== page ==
Insulate the foundation and save concrete with a frost protected shallow foundation. Stamp or stain a slab to create a decorative concrete floor finish rather than installing carpet or tile.
Use products that are pre-finished in the factory, like pre-finished vinyl windows, siding, shutters and cellular PVC trims, are also resource efficient because they require no additional materials for finishing.
Durability is key to using resource efficiently: the less maintenance and replacement necessary over the life of the home, the fewer materials used. Design for the weather events in your region. Preserve the cladding and structural components of a house with covered entries, roof overhangs and gutter details that channel storm water away from the building. Carefully integrate the roof drip edge, ice and water dam barrier, and flashings. Install a weather-resistant barrier between walls and cladding. Provide for foundation and footing drainage.
Waste management includes recycling or reusing the roughly 4 lbs. per square foot of construction debris that results from building a house. Reduce trash piles by specifying cut-to-length material packages. Install products with high recycled content such as concrete aggregate substitutes, slag wool insulation batts or recycled content carpet.
Integrate Energy-Efficient Systems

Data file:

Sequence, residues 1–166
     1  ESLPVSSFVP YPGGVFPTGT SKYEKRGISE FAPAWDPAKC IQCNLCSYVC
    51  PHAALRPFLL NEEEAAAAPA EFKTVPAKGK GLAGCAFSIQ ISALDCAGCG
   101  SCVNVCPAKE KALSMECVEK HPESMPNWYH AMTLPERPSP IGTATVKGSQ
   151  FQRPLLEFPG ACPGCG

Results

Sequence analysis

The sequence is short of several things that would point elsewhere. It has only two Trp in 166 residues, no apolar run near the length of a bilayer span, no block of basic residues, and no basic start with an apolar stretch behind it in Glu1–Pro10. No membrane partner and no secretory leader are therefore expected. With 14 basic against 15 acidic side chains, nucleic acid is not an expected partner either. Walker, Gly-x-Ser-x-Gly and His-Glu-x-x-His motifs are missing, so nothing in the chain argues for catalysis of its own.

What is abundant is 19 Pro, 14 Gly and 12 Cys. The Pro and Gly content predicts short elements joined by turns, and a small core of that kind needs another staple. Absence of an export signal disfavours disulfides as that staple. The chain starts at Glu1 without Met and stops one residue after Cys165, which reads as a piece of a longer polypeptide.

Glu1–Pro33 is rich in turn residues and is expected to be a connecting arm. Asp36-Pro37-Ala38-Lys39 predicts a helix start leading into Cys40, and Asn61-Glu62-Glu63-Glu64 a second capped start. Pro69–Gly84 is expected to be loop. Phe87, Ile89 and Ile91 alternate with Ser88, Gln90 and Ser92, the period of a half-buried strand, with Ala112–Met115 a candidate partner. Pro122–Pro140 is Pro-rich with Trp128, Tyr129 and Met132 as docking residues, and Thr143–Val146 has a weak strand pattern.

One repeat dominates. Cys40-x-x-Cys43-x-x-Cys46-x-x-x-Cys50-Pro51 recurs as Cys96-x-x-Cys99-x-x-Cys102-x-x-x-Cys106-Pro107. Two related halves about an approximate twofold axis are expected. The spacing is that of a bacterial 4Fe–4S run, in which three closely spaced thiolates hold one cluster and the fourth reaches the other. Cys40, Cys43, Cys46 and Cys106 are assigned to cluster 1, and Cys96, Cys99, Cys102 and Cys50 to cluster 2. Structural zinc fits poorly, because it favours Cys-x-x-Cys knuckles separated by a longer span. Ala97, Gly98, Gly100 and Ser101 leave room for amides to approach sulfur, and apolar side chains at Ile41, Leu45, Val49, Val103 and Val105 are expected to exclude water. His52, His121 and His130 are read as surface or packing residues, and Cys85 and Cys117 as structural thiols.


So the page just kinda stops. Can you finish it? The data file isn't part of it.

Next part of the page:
Take a comprehensive approach to air sealing, thermal design and air conditioning. Design, size and install HVAC using ACCA manuals J, D, and S. Install ducts and equipment within conditioned space and specify high-efficiency equipment. Have certified technicians commission the system and verify building air infiltration, duct tightness and system air flow. Specify ENERGY STARŪ qualified lighting, appliances, windows, HVAC systems and efficient water heating-- even solar water heating. Incorporate daylighting as well as passive solar design elements to take advantage of the sun's free light and heat. Generate your own electricity from the sun.
Specify PEX laid out using a manifold design and, if your local code allows it, greywater reuse piping. Add in low-flow fixtures, high-efficiency toilets (HETs), and a water-saving ENERGY STAR qualified dishwasher and washing machine.
Good Indoor Air Quality
Promote good indoor air quality by minimizing indoor pollutants. Install direct vent combustion equipment and fireplaces. Design for mechanically controlled exhaust from baths and kitchen range and provide for controlled ventilation. Control moisture and dust accumulation during construction by masking ducts in the house. Store stockpiled materials out of the weather to keep them dry and minimize the possibility of mold growth. Air seal between attached garages and living areas.
Build healthier homes by specifying paints, caulks and adhesives with low volatile organic compound (VOC) content.
Provide a homeowner manual detailing the goals of the project and the measures you took to construct a green building. Acquaint the owner with the home, equipment, and maintenance guidelines.
Content updated on 2/28/2008